2001-Sun Feb 26 21:26:11 MST 2017
Vetstreet. All rights reserved.
Vetstreet does not provide medical advice, diagnosis, or treatment. See Additional Information ›
If the need arises, humans can go on an organ transplant list for everything from lungs to livers. But for pets, it's much more complicated. We spoke with two experts to find out what you need to know when it comes to organ transplants in animals.
The only type of organ transplant available right now for pets is a kidney transplant, according to Dr. Lillian Aronson, associate professor of small animal surgery at the University of Pennsylvania's School of Veterinary Medicine. These are performed mostly in cats, due to difficulty suppressing the immune systems of dogs. Dogs are more likely to reject a donor kidney unless it comes from a related dog, which can sometimes be hard to find.
For cats, there is no need for the donor and recipient to be related. Dr. Chad Schmiedt, associate professor of soft tissue surgery at the University of Georgia’s College of Veterinary Medicine, says blood cross matches are done to make sure the cats are compatible. Most cats match each other, he says. The three options for finding a donor cat are:
All donor cats need to be young, but at least a year old, and very healthy. Choosing a donor cat from a shelter is done very carefully, to make sure he carries no diseases that can be transmitted to the recipient.
If your cat is experiencing kidney failure and is in need of a transplant, she will have to fulfill certain requirements to qualify.
“The cat has to be relatively healthy, other than its kidney failure," Dr. Schmiedt says. “It doesn’t make sense to take a kidney from a donor and then the recipient has heart disease and does not live six months after. They need a healthy heart and no other infections or diseases.”
Once that is determined, it can take a couple of weeks to find a donor cat. After surgery, the donor will be hospital-bound for two to four days, while the recipient will stay in the hospital for a couple of weeks. As for cost, Dr. Schmiedt says it varies, but the transplant is usually between $10,000 and $20,000, with the donor surgery costing between $3,000 and $5,000. This doesn’t include the thousands of dollars an owner will have to spend on medication and vet checks after the surgery.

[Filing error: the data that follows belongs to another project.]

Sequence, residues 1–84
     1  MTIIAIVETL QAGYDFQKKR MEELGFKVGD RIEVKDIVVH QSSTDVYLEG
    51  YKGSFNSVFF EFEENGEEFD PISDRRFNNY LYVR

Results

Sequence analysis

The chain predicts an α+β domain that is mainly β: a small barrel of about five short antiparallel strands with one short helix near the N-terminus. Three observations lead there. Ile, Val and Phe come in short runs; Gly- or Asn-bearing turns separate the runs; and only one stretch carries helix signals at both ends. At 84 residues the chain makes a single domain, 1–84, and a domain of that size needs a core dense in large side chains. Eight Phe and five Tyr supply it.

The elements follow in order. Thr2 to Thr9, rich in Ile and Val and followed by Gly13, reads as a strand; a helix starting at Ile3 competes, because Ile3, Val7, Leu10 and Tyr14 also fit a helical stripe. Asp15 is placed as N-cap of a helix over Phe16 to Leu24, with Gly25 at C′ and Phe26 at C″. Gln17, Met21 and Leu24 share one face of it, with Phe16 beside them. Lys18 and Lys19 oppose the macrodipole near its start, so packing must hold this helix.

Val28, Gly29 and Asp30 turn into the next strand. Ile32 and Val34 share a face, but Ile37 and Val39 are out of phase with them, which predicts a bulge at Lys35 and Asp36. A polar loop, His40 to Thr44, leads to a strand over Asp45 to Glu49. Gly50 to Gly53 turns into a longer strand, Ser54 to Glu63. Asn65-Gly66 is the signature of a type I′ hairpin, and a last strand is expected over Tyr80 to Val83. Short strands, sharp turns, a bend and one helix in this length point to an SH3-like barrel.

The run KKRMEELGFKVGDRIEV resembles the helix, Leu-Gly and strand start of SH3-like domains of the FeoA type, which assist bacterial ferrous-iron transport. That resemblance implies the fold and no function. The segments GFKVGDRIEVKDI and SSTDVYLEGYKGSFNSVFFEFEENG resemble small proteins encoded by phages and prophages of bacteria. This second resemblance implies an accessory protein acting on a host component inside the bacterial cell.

After a transplant, the recipient tends to live an average of two to three years. She gains a new companion as well. “The owner of the recipient is responsible for adopting the donor cat, so we’re saving two cats’ lives,” Dr. Aronson says.
The reason veterinarians only transplant kidneys right now is because any other organ transplant, like the heart or lungs, would kill the donor. Dr. Schmiedt says there’s no infrastructure set up in case of accidental pet deaths, either.
“If [a human] needs a heart, is sitting and waiting, and a young healthy kid is in a motorcycle wreck and dies, there is an infrastructure to get the heart to a recipient. If a young healthy dog is hit by a car, there is no infrastructure at all to get that animal’s organs into a recipient with any type of speed,” Dr. Schmiedt says.
Like this article? Have a point of view to share? Let us know!
Take our breed quiz to find your next pet.
Get all the best pet news and information sent right to your inbox!
Thank you for subscribing!
Dogs and cats help improve our mental,
social and physical health — and we
have the science to prove it!
We asked our readers to share the funny
things and skillful tricks their dogs will do
to get Milk-Bone® Pill…
It’s more than just cute when your kitty
naps in a box — it’s an instinctive
behavior that’s hardwired in her…
Herding dog, search-and-rescue dog, guide dog, police dog, farm dog — you name it, the German Shepherd can do it.
Check out our collection of more than 250 videos about pet training, animal behavior, dog and cat breeds and more.
Wonder which dog or cat best fits your lifestyle? Our new tool will narrow down more than 300 breeds for you.
If the video doesn't start playing momentarily,
please install the latest version of Flash.
Thank you for subscribing.